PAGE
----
In six weeks the tortuous crawling, during which he survived on wild berries, roots, snakes and bugs, Glass reached the Cheyenne river. He managed once to scavenge the carcass of a dead buffalo calf after driving two wolves away. He fashioned a crude raft and floated down river. He was aided by friendly Indians who sewed a bear hide to cover his wounds, gave him food and provided him weapons with which to defend himself. He eventually reached the shelter of Ft. Kiowa where he slowly recovered from his ordeal.

With revenge on his mind, Glass set out to find Bridger and Fitzgerald. Near the mouth of the Bighorn River , Glass found Bridger. Recovery from his ordeal had apparently mellowed the old trapper somewhat,because he decided to spare Bridger, perhaps because of his youth. When he found Fitzgerald his desire for revenge was ended by the fact he had joined the Army. The punishment for killing a US soldier was death. He did recover his lost rifle.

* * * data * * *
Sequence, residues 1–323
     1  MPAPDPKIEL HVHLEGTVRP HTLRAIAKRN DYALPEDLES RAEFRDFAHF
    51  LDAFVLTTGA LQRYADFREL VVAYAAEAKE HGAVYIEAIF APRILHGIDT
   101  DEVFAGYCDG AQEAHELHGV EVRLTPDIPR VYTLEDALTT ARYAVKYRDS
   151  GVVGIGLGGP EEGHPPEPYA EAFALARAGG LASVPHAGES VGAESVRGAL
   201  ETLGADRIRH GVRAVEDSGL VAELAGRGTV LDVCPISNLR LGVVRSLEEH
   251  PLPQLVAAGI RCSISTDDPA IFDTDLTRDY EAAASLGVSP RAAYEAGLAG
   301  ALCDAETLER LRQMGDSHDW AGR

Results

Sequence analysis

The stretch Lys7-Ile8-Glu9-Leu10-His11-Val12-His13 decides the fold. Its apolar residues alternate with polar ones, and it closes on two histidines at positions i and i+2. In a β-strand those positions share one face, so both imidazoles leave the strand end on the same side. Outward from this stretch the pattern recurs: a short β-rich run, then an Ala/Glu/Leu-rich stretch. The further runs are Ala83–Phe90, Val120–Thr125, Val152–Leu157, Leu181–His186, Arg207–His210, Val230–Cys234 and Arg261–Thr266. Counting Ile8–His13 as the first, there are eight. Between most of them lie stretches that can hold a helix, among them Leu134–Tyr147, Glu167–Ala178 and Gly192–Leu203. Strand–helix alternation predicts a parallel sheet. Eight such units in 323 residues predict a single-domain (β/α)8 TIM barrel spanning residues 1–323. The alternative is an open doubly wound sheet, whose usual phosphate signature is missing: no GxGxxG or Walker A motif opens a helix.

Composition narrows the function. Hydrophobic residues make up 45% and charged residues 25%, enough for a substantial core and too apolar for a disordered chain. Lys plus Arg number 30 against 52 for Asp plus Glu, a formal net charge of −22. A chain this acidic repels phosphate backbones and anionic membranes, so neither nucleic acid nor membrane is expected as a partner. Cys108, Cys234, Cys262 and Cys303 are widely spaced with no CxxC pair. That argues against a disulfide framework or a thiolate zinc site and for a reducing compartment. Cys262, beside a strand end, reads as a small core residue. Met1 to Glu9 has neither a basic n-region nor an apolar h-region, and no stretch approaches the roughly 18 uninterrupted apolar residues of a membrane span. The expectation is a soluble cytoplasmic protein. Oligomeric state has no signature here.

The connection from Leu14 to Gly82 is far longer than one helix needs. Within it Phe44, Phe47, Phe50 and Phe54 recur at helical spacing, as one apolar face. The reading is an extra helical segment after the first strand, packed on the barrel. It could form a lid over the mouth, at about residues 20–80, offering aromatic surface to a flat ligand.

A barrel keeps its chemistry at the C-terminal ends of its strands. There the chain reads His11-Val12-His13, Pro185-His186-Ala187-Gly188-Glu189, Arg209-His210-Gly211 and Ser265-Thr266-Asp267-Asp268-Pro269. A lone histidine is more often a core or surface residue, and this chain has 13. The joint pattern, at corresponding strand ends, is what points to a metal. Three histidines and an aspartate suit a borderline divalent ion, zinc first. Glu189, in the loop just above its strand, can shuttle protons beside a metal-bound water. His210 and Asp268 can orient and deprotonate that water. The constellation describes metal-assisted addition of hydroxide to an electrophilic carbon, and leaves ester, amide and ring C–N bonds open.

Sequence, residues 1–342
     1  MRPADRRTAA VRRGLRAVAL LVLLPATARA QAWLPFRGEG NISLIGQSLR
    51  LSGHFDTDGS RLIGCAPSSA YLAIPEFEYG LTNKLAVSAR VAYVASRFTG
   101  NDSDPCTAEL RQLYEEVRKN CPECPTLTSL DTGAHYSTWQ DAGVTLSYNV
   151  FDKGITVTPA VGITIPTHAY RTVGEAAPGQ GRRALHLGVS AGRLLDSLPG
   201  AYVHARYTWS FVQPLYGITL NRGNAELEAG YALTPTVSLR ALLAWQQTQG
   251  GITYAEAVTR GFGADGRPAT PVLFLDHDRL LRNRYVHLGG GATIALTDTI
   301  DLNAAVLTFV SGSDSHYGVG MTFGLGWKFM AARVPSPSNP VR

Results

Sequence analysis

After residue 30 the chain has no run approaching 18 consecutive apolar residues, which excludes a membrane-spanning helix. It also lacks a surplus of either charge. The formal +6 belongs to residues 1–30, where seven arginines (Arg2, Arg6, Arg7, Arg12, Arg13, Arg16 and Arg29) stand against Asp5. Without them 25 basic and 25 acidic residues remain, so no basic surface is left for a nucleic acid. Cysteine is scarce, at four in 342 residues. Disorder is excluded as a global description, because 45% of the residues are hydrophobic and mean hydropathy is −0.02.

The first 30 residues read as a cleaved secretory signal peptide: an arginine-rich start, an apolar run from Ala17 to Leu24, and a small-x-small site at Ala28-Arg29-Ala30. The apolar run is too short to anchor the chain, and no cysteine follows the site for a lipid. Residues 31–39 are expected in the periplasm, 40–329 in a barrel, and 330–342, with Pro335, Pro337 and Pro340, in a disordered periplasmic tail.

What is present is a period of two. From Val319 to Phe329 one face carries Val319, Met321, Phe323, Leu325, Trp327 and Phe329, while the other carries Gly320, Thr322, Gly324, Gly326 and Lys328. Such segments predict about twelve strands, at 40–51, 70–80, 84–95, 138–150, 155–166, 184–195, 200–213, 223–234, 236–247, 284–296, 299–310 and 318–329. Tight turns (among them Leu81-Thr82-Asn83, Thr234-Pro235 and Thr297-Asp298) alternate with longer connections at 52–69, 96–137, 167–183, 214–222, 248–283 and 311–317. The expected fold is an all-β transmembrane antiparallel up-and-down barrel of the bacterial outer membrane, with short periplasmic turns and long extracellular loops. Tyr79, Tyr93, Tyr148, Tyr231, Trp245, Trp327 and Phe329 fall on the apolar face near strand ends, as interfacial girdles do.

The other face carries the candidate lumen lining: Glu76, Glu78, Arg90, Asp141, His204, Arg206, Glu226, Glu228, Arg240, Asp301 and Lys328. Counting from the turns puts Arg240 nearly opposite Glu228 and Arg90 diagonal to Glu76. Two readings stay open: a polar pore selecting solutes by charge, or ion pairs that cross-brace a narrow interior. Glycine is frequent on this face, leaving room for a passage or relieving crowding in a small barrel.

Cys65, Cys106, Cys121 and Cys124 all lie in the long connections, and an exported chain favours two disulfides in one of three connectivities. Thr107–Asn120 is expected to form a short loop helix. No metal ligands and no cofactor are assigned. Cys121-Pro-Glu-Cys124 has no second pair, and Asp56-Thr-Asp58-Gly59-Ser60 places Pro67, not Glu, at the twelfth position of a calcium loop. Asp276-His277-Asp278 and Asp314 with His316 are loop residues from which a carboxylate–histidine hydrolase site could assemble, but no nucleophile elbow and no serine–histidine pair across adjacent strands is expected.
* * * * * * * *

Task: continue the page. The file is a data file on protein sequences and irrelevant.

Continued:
A return to trapping , trading and hunting for the garrison at Fort Union took Glass into the Yellowstone River country. He and two companions were killed there in the winter of 1833. The assailants were Arikara Indians, foes of white encroachment into their ancestral homelands. The following April, trappers employed by the American Fur Company encountered a band of Indians who claimed to be friendly Minitaris. One of the trappers recognized Hugh’s rifle in the hands of one of the Indians. He concluded that the band was not who they said, but rather the were the Arikara who had killed Glass and his two companions. According to John M Myers in The Death o the Bravos, the Indians were taken into custody and later executed for the death of Glass.

1 thought on “Hugh Glass”

  1. I recommend Wilderness by Roger Zelazny and Housman. It’s based on Glass’ story and John Colter’s It gets pretty strange going into his hallucinations after the bear attack but I enjoyed it. They were tough as nails!